Blueberry (Vaccinium L. section Cyanococcus Gray), a rich source of polyphenolics with important implications for human health and chronic diseases, has become a major fruit commodity in the United States. This study was designed to assess the impact of introgression through interspecific hybridization on anthocyanin (ANC) profiles among blueberry species. Southern highbush blueberry (V. corymbosum L.) and rabbiteye blueberry (V. virgatum Ait.) commercial cultivars, North Carolina blueberry breeding selections, and blueberry breeding populations with varying degrees of introgression from multiple species were used to address this question. The breeding selections and populations were created and selected for traits not directly related to their ANC profiles and are therefore likely representative of the current selection objectives of most public and private breeding programs. Ripe fruit at a uniform stage of maturity were evaluated for ANC concentration and profile in 2 consecutive years (2010 and 2011) from all plants. Total ANC ranged from 189 to 464, 74 to 421, and 227 to 537 mg/100 g (frozen fruit) in the commercial cultivars, breeding selections, and breeding populations, respectively. Significant increases in total ANC were observed among material that represents an expanded gene pool in southern highbush blueberry (introgression from V. angustifolium Ait., V. elliottii Chap., V. myrsinites Lam., V. pallidum Ait., V. tenellum Ait., V. fuscatum Ait., V. constablaei Gray, and V. arboreum Mar.). Differences in acylation and glycosylation patterns were also observed in the same material, which may condition relative stability, absorption, and bioavailability of ANC. Results suggest that the expansion of the gene base through interspecific hybridization can have both a positive and negative impact on ANC accumulation and that breeders need to be aware of these issues early in the breeding program.
Gad G. Yousef, Mary A. Lila, Ivette Guzman, James R. Ballington and Allan F. Brown
Robert F. Heyduck, Steven J. Guldan and Ivette Guzmán
In a two-part study, we examined the effect of sowing date and harvest schedule on the yield of spinach (Spinacia oleracea) grown during the winter in 16 × 32-ft-high tunnels in northern New Mexico. Each part of the study was conducted for two growing seasons and took place between 2012 and 2015. In Study A (2012–13 and 2013–14), spinach was sown four times at roughly 2-week intervals (mid-October, early November, mid-November, and early December) and plant density (plants per square foot), plant height (centimeters), and yield (grams per square foot) were measured for three harvests in mid-January, mid-February, and mid-March. The earliest sowing date had the least-dense stands, and plant density increased with each subsequent sowing. The two earliest sowing dates had significantly higher season-long yield than the later two sowings. In Study B (2013–14 and 2014–15), all plots were sown in mid-October, but harvest schedule treatments were staggered such that harvests began at 9, 11, 13, or 15 weeks after sowing and continued at irregular intervals. Treatment 2, with harvests beginning after 11 weeks, had the greatest season-long yield, slightly greater than when harvests began at 9 weeks, and significantly more than when harvest began 13 weeks or later. More importantly, a staggered harvest schedule can provide spinach weekly for direct marketing opportunities.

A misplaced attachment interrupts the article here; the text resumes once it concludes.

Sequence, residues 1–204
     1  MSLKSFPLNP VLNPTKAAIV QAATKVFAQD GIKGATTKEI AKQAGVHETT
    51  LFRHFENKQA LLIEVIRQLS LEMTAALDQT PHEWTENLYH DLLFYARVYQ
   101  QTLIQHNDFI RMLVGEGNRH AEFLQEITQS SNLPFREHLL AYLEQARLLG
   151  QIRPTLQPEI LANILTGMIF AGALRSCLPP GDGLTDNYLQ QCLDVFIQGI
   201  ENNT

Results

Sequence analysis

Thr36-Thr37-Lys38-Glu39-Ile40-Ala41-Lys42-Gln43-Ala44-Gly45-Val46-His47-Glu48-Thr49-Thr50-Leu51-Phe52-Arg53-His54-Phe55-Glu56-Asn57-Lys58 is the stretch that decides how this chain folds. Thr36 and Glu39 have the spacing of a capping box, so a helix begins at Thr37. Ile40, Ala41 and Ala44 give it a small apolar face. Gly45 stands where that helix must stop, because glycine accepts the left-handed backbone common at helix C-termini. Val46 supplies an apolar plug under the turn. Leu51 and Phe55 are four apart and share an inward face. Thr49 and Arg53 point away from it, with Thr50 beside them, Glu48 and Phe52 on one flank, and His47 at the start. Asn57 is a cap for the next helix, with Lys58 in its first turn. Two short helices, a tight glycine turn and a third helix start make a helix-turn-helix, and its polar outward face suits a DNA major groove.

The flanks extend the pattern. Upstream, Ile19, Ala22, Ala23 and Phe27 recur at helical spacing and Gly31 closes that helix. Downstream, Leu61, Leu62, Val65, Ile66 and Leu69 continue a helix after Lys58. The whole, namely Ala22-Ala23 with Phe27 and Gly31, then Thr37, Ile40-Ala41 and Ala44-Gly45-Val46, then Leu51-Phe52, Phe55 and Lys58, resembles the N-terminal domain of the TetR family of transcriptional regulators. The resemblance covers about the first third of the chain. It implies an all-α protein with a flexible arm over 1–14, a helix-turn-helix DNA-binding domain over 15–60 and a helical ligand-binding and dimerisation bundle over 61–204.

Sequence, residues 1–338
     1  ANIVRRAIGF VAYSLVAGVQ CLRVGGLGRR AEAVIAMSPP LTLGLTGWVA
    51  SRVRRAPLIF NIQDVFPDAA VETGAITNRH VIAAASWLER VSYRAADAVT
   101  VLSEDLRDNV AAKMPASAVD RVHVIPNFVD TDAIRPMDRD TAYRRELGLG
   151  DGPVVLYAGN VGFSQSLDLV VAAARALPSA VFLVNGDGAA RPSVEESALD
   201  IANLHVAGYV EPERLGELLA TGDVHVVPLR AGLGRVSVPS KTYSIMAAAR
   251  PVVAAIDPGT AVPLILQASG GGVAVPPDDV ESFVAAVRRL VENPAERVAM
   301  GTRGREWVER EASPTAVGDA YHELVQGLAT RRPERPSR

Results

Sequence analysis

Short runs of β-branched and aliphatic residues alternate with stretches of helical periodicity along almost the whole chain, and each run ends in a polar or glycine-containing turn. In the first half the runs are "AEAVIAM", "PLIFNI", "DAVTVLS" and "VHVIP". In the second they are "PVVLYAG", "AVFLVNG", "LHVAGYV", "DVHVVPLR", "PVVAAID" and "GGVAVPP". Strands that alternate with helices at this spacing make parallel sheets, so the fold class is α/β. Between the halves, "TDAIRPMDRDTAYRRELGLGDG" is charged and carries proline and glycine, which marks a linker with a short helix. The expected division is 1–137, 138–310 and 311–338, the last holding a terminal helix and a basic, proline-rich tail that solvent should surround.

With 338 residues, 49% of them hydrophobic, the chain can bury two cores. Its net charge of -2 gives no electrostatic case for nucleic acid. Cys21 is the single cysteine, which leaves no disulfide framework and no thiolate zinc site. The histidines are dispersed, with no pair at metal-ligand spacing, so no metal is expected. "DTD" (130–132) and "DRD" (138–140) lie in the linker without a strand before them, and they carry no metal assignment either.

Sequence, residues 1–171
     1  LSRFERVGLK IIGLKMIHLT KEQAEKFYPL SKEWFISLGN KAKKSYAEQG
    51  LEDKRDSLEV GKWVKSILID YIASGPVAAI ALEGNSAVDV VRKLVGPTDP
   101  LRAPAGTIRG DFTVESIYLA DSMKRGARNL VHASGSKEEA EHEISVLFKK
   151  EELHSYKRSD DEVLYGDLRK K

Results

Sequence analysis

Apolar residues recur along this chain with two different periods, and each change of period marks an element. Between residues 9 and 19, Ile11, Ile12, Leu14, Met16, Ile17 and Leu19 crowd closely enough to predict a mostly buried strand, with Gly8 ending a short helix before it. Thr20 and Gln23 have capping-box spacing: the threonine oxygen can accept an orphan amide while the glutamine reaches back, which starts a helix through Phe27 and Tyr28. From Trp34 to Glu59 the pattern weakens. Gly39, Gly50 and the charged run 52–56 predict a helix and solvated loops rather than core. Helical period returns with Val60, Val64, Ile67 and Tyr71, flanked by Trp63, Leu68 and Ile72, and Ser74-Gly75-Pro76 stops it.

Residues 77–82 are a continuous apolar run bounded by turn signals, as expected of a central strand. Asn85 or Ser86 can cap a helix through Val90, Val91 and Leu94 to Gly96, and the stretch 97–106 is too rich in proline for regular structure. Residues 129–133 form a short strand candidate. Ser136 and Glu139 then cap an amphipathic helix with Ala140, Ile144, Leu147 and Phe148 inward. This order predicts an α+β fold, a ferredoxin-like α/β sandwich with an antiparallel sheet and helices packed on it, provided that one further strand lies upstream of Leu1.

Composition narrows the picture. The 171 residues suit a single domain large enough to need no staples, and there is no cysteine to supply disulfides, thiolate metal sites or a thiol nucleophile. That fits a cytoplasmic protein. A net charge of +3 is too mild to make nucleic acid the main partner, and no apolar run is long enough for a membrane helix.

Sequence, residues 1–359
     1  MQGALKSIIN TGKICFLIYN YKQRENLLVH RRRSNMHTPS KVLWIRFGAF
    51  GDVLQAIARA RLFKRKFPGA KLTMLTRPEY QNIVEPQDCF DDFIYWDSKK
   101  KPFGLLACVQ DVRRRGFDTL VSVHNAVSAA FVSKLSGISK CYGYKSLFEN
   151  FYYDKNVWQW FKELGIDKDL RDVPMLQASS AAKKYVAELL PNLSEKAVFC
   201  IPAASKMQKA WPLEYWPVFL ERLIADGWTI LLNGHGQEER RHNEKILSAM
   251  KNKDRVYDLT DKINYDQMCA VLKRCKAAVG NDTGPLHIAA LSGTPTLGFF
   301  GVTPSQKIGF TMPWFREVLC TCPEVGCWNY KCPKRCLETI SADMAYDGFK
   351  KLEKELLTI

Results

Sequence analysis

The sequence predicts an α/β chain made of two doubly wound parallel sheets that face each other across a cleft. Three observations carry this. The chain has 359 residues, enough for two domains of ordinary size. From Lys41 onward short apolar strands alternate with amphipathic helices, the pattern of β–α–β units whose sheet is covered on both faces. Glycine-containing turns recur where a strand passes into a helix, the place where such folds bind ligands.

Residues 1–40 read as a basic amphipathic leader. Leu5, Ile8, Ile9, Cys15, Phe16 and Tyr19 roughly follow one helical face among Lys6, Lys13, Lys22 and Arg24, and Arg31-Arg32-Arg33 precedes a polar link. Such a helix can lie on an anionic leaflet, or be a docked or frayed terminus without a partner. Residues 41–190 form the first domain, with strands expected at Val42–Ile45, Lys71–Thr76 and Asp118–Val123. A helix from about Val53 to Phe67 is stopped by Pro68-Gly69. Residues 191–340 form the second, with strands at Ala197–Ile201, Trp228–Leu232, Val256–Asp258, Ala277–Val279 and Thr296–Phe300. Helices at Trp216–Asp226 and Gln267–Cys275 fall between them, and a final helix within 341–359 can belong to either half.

Allan F. Brown, Gad G. Yousef, Ivette Guzman, Kranthi K. Chebrolu, Dennis J. Werner, Mike Parker, Ksenija Gasic and Penelope Perkins-Veazie
The objective of this study was to examine the relative impact of genetics and environment on phenolic and carotenoid profiles in peach (Prunus persica) germplasm. Fully mature, (“ready-to-eat” stage) firm fruit of peach cultivars China Pearl, Contender, and Carolina Gold were collected from established trees at two North Carolina locations in 2009 and 2010. Advanced breeding selections NC Yellow and NC 97-48 were collected from a single location in both years. Using tandem extractions and chromatography analyses, 10 carotenoids and 24 phenolic compounds were quantified separately in the peel and flesh. Statistically significant differences were noted among peach cultivars and advanced selections for β-carotene, cyanidin-3-glucoside, cyanidin-3-rutinoside, cholorogenic acid, quercetin-3-glucoside, and individual procyanidins. Peel anthocyanin (ANC) concentration ranged from 183 mg/100 g in ‘Contender’ to non-detectable levels in NC97-48 and NC Yellow. ‘China Pearl’ and ‘Carolina Gold’ produced ANC levels approximately half of ‘Contender’. Chlorogenic acid concentration also fit a discrete pattern of accumulation but was not related to the accumulation of ANC. ‘China Pearl’, NC 97-48, and NC Yellow contained the highest levels of chlorogenic acid (105 to 136 mg/100 g), ‘Carolina Gold’ contained the lowest (52 mg/100 g), and ‘Contender’ represented an intermediate phenotype (70 mg/100 g). Statistically significant genetic variation was found for almost all compounds identified, whereas location and year effects tended to be compound-specific. For chlorogenic acid, 28% of the phenotypic variance was explained by location (year = nonsignificant), whereas 40% of the phenotypic variation of ANC was explained by differences in years (location = nonsignificant). Analyzing fruit from the same environment over 2 years or from two locations in the same year would not have adequately accounted for the variation associated with environment. The detailed phytochemical profile of peach reported here demonstrates the importance of multiyear, multilocation analysis in revealing accurate measures of phytochemical genetic variation and provides a comprehensive baseline analysis of phytochemicals in commonly grown peach cultivars that can be used to evaluate novel germplasm.